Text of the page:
District cooling, which uses chilled water to cool buildings, is being tried in a few places such as Toronto, Cornell University and Masdar City in Abu Dhabi. Its proponents say the technology consumes 90% less energy compared with traditional air-conditioning. Now, it will be used in Gujarat’s Gandhinagar very shortly.
In automated vacuum waste collection systems, garbage is sorted out and then sucked away at high speed through underground tubes to a central location, which can be as far as 20 km away. It is being used in cities such as London, Montreal, Stockholm and Barcelona. No Indian city has these technologies yet.
These concepts may be widely used in smart cities of future as they are considered sustainable. District cooling, for example, can be used easily with renewable energy. Automated waste collection can be combined with biomass energy generation systems, so GIFT (Gujarat International Tec-City) Finance will burn waste to generate energy. Greenfield cities such as GIFT have an opportunity to test new technologies before they are adopted in existing Indian cities.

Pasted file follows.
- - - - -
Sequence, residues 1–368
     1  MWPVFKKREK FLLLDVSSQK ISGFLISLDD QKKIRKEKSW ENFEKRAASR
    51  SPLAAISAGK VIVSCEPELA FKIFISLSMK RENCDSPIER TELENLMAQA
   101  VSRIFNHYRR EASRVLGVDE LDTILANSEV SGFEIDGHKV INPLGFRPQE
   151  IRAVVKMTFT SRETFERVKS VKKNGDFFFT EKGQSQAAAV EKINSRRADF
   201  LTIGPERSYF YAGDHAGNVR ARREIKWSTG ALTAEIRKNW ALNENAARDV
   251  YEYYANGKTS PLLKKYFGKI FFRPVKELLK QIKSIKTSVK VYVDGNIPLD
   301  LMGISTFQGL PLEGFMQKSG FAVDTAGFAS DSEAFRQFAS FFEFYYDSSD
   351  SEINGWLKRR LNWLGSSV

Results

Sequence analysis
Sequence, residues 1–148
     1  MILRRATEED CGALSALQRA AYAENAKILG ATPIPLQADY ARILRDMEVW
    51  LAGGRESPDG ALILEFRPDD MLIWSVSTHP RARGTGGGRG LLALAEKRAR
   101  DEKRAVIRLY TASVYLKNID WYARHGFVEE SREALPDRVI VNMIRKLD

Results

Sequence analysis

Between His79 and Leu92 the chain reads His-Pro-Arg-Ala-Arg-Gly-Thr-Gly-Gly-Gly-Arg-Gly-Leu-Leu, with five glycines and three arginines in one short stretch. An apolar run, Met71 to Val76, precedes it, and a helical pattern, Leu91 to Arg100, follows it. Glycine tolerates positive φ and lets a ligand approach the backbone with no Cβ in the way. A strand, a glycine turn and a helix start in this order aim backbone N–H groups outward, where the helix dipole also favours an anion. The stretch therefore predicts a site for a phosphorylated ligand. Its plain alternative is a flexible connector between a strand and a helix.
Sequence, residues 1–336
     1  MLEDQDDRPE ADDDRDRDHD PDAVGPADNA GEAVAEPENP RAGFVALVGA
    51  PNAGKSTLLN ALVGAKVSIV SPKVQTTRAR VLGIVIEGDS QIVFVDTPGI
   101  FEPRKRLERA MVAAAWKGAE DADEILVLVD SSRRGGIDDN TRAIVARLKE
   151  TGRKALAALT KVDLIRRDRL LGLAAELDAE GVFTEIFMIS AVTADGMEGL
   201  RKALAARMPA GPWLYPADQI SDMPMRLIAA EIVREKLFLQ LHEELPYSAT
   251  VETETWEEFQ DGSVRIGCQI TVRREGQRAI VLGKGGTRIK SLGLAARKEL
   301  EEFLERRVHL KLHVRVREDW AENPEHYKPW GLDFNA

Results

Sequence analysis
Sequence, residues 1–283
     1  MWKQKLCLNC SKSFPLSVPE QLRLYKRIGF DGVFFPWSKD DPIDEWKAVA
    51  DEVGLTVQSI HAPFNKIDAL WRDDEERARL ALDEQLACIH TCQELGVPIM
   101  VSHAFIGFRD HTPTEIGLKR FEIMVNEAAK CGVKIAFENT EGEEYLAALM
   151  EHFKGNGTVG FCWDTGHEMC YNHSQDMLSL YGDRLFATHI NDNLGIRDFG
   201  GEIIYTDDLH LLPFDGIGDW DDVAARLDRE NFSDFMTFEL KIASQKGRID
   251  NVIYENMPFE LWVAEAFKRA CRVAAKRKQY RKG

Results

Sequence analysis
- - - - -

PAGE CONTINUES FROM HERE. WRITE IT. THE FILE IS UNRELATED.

Narendra Modi would not have thought of Gujarat International Finance Tec-City (GIFT) as the test-bed for future city technologies, but his dream project in Gandhinagar may well have this interesting spillover. Work on the proposed Rs 78,000-crore nano city has now started, and the first occupant may move in by March.